The blood-brain barrier (BBB) is literally the brain’s gatekeeper. It is a biological boundary that protects the brain from being exposed to things it shouldn’t. Sitting between the blood stream and the brain, the BBB serves the twin role of providing the brain with the things it needs, nutrients and oxygen, whilst also forming a barrier to things it doesn’t, such as pathogens and toxins. The BBB has evolved to “recognise” all forms of chemicals and particles, including nanoparticles (particles in the size range between 1 and 100nm), since these have been present on Earth before the emergence of life.
However, the technological developments of recent years have produced a different kind of nanoparticles, those intentionally made by us for specific applications, and whilst these particles may look like their natural counterparts to the BBB, they may act differently, thus exposing the brain to unanticipated activity. This could be both good and bad. On the positive side, medical interventions in the brain, for example to treat neurodegenerative disease, can be made possible if the nanoparticles and their medical cargo can cross the BBB. However, an undesirable effect is that nanoparticulate pollution can also find its way into our brain. Indeed, there is evidence that nanoparticles made of iron oxide and linked to urban pollution have been found in human brains1. But why and how? Recent work in my lab, published in PNAS (2), has used state of the art methods to understand better when the BBB may allow nanoparticles reach our brains.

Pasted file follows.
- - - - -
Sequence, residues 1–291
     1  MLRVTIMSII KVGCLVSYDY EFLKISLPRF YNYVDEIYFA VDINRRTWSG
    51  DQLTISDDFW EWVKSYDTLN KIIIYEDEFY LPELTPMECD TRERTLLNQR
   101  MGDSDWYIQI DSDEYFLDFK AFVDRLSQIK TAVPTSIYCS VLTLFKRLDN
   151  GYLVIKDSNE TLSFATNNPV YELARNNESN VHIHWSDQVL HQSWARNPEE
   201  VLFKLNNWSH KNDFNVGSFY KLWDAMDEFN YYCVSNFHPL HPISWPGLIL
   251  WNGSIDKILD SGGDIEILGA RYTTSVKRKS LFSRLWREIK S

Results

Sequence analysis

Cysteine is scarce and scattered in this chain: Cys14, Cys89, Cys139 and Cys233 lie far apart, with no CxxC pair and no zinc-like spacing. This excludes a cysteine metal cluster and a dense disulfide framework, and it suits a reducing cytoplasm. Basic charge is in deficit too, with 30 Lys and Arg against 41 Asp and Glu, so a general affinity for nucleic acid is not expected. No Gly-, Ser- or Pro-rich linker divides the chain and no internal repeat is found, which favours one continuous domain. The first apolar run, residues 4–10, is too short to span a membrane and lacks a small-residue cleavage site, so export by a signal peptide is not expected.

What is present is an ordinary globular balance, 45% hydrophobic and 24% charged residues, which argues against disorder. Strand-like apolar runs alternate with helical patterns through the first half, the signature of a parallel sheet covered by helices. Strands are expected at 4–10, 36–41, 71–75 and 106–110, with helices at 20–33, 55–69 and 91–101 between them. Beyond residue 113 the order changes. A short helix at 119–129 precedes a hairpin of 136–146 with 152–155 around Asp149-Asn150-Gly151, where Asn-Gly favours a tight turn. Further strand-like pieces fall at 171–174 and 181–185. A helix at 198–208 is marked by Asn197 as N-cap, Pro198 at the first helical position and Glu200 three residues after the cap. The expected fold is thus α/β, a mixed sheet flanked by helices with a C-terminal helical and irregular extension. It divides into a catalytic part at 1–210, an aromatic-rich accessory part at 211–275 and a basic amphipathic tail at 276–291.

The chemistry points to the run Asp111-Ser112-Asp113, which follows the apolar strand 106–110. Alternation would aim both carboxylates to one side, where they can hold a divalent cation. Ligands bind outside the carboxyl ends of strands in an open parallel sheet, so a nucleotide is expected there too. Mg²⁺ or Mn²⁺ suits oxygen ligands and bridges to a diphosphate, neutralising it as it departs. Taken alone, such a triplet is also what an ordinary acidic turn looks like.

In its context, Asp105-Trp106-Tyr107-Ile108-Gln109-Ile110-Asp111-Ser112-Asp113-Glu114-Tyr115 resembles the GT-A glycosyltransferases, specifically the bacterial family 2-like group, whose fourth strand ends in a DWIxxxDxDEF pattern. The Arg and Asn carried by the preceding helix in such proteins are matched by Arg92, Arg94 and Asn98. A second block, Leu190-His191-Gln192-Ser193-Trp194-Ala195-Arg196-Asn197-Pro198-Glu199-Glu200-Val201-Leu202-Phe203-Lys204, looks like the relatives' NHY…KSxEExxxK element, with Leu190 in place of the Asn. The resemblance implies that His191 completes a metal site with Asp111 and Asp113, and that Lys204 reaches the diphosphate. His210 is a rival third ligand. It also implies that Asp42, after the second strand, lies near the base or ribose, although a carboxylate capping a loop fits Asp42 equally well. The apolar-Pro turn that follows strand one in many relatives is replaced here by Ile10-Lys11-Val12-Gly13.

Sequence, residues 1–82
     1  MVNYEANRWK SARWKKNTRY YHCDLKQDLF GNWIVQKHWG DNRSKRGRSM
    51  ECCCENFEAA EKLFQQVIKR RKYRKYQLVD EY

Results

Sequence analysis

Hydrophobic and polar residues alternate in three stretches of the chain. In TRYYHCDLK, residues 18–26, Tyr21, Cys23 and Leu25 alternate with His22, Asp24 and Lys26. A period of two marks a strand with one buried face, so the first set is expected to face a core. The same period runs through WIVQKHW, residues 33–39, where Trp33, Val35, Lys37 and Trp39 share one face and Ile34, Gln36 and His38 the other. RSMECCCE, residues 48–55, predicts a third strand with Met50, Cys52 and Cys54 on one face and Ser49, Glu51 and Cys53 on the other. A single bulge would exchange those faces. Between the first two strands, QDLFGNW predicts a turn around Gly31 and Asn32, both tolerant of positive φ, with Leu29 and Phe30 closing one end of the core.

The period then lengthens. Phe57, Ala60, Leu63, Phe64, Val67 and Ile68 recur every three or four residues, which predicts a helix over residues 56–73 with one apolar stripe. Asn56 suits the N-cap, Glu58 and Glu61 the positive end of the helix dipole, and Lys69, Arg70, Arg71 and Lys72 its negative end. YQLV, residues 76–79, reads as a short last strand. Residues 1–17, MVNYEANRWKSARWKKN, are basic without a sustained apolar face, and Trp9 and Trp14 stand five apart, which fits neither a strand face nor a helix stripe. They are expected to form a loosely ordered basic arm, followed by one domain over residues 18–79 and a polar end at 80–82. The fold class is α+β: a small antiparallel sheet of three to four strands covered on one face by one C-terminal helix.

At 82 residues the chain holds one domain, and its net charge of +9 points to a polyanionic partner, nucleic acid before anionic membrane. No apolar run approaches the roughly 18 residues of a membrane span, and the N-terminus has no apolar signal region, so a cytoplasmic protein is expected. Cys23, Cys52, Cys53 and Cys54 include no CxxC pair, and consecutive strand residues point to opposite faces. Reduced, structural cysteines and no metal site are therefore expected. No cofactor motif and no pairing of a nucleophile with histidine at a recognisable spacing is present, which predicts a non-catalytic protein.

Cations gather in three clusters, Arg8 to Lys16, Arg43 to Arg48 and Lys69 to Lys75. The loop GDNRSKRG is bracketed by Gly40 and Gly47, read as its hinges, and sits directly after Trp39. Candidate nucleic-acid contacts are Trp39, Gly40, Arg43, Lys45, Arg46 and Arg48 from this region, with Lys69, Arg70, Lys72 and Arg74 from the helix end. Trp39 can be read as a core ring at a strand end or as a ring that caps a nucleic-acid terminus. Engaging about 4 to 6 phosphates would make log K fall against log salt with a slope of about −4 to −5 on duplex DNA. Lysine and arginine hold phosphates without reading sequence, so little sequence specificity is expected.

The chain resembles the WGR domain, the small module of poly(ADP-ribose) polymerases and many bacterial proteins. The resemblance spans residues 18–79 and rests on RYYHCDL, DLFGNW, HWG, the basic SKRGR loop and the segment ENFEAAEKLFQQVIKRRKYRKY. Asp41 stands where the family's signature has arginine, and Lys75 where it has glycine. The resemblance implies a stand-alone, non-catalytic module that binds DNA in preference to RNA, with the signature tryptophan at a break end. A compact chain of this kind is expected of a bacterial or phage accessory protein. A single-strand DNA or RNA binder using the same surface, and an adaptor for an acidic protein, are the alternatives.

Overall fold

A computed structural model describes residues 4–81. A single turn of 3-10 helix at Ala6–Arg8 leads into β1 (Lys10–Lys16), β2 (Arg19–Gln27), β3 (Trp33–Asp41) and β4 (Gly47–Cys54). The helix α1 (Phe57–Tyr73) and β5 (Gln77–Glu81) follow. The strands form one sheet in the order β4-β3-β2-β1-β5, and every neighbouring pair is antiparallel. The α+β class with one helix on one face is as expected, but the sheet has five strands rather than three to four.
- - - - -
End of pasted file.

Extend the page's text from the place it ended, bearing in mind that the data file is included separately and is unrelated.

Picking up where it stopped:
Firstly, we need to have an idea of what the BBB is made of. We can consider it to be similar to any other biological membrane; these are versatile structures that act as biological linings or barriers, and they can be leaky or tight. The BBB is of the latter kind. When nanoparticles we inhale, ingest, or come to contact through our skin work their way to our blood stream, they acquire the potential to reach and then cross the BBB. To understand how this might happen, we set out to systematically explore how different nanoparticle properties, such as composition, size, shape and propensity to dissolve, play a role in their potential to be transported across such a tight barrier. To be able to test our hypotheses, we first had to develop an artificial BBB that would behave like the real thing. This model BBB was constructed inside a special permeable well, on which human cells representative of the BBB were cultured and tested to ensure their function precisely replicated that of the real barrier.